18 Resistance to Phages, Part I: Overview

18.1 Categorizing Phage-Resistance by Outcomes

18.2 Avoidance of Phage Infection

18.3 Negation of Phage Infections

18.4 Bacterial Self-Sacrifice upon Phage Infection

18.5 Delay of Phage Propagation

18.6 Summary


19 Resistance to Phages, Part II: Bacteria Live!

19.1 Avoidance of Phage Genome Uptake

19.2 Negating Phage Infections Soon after Initiation


20 Resistance to Phages, Part III: Bacteria Die...

20.1 The Bacterial Self-Sacrifice of Abortive Infections

20.2 Delay: Slowing Down Phage Population Growth


21 Bacterial Mutation to Phage Resistance

21.1 A Plethora of Possible Targets of Mutation?

21.2 Rates of Mutation to Resistance

21.3 A Wee Bit of Advice


22 Pleiotropic Costs of Phage Resistance

22.1 Antagonistic Pleiotropies

22.2 Some History

22.3 A Sampling of More Modern Studies


Part VI. Natural Selection

23 Concepts of Natural Selection in Light of Phage Exposure

23.1 Higher Fitness

23.2 Beneficial Alleles and Adaptation

23.3 Historical Contingencies

23.4 Hard Selection and Soft Selection

23.5 Coevolution


24 Frequency-Dependent Selection in Light of Phage Exposure

24.1 Ecological versus Evolutionary: Three Distinctions

24.2 Stabilizing, Disruptive, Polymorphic, Monomorphic

24.3 Disruptive Frequency-Dependent Selection-Extracellular Toxins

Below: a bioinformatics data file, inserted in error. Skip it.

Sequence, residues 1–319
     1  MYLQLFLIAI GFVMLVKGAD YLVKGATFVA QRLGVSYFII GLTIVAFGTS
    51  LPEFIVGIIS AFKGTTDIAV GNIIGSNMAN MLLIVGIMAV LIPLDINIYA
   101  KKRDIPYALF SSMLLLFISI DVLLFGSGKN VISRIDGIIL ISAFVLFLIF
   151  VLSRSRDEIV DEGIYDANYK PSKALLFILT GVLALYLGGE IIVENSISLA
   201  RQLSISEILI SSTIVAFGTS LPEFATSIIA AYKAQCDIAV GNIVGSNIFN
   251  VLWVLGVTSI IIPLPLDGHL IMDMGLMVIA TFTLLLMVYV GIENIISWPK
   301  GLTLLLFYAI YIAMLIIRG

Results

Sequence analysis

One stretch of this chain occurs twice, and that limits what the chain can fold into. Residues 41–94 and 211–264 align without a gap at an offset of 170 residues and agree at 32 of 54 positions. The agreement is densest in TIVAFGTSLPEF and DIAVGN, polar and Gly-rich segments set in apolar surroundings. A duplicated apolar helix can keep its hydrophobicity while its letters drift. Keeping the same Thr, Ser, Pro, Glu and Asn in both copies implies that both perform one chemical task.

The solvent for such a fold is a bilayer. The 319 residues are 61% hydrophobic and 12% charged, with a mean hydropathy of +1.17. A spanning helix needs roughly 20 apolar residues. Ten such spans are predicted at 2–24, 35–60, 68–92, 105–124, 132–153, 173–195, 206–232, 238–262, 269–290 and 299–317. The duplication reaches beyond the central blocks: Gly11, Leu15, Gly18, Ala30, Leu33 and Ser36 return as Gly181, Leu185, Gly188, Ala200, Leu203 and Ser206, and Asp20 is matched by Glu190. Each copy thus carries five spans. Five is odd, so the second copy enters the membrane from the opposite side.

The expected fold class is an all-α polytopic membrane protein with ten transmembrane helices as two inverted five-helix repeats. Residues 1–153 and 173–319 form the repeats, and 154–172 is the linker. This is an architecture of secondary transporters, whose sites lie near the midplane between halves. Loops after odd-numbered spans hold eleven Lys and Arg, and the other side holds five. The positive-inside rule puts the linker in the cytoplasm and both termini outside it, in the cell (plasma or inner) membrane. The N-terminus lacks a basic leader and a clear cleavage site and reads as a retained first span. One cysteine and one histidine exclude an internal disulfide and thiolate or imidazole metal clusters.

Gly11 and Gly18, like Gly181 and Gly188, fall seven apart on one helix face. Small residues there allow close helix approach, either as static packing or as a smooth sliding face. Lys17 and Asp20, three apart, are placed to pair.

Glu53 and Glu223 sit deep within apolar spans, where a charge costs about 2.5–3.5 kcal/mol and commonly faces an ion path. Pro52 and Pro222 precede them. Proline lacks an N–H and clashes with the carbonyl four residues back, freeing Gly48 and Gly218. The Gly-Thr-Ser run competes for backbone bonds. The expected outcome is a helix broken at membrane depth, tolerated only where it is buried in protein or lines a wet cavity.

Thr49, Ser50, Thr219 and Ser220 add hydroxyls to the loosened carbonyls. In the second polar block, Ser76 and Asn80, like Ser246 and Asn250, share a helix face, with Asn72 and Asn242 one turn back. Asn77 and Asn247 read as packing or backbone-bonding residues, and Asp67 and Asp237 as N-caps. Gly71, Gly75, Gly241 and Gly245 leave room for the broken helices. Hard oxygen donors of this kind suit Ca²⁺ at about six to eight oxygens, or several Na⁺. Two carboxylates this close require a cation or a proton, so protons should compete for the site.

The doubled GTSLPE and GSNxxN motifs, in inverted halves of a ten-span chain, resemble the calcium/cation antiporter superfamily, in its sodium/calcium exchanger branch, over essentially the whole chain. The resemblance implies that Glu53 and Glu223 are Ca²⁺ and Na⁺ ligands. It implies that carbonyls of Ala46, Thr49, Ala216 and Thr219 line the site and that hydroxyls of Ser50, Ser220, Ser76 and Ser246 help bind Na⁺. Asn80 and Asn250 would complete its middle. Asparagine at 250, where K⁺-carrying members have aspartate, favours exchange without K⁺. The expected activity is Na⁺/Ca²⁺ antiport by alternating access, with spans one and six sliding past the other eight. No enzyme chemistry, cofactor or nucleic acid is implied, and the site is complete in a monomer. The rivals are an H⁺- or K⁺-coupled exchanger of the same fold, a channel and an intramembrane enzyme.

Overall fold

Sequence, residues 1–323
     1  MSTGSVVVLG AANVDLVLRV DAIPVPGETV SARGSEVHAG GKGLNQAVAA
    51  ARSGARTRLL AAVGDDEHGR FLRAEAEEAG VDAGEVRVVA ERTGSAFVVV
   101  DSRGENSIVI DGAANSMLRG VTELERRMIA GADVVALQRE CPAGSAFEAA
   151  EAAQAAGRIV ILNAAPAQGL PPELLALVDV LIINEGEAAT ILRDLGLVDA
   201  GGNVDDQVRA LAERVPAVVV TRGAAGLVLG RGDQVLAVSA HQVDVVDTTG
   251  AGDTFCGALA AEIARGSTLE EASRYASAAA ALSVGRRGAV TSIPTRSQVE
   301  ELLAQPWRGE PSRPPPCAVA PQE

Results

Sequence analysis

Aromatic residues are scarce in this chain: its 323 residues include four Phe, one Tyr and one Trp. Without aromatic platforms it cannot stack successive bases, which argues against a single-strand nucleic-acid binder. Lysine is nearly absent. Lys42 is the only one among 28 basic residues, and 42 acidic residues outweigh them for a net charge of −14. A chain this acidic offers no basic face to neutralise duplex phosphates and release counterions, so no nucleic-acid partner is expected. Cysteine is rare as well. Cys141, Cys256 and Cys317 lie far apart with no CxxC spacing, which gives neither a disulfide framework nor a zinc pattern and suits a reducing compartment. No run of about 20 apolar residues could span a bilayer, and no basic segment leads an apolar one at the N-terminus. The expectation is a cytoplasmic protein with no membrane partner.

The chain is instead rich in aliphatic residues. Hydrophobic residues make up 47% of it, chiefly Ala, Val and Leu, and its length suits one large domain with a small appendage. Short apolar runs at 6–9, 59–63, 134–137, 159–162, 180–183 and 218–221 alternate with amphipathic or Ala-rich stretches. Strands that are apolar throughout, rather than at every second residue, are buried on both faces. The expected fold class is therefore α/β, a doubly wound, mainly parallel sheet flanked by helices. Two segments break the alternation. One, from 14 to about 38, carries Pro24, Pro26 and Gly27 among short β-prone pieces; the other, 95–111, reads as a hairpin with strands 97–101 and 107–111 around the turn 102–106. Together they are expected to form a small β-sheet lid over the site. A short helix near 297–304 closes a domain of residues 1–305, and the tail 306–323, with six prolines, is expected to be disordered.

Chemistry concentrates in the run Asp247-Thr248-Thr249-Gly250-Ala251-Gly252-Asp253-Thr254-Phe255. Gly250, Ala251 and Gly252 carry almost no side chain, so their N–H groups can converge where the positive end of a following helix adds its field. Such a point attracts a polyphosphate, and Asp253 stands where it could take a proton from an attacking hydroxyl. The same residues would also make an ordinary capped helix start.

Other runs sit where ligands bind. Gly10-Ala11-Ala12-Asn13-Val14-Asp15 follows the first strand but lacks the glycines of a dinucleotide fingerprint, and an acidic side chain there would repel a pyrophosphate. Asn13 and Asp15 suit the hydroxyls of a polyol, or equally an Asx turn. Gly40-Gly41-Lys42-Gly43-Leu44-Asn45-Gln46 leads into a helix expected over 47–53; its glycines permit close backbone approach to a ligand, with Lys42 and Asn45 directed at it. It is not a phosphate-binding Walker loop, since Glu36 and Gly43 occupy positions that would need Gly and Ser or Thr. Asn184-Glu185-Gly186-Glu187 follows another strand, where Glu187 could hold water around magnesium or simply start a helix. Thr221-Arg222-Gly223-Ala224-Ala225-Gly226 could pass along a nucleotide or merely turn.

24.4 Disruptive Frequency-Dependent Selection-Induced Prophages

24.5 Frequency Dependence or Instead Density Dependence?

24.6 Stabilizing Frequency-Dependent Selection Involving Phages

24.7 Killing the Winner

24.8 Stabilizing Frequency-Dependent Selection Mimicking Muller's ratchet?


25 A Primer on Phage-Bacterium Antagonistic Coevolution

25.1 Preamble

25.2 Introduction to Coevolution and Antagonistic Coevolution

25.3 Short Historical Overview of Phage-Bacterium Antagonistic Coevolution

25.4 Brief Primer on Phage-Bacterium Antagonistic Coevolution

25.5 Different Faces of Phage-Bacterium Antagonistic Coevolution

25.6 An Indefinite Series of Coevolutionary Change?

25.7 Coda


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ecology of bacteria;mutualistic symbiont;mutagenesis;coevolution;lytic phages;lysogenic phages;migration;population biology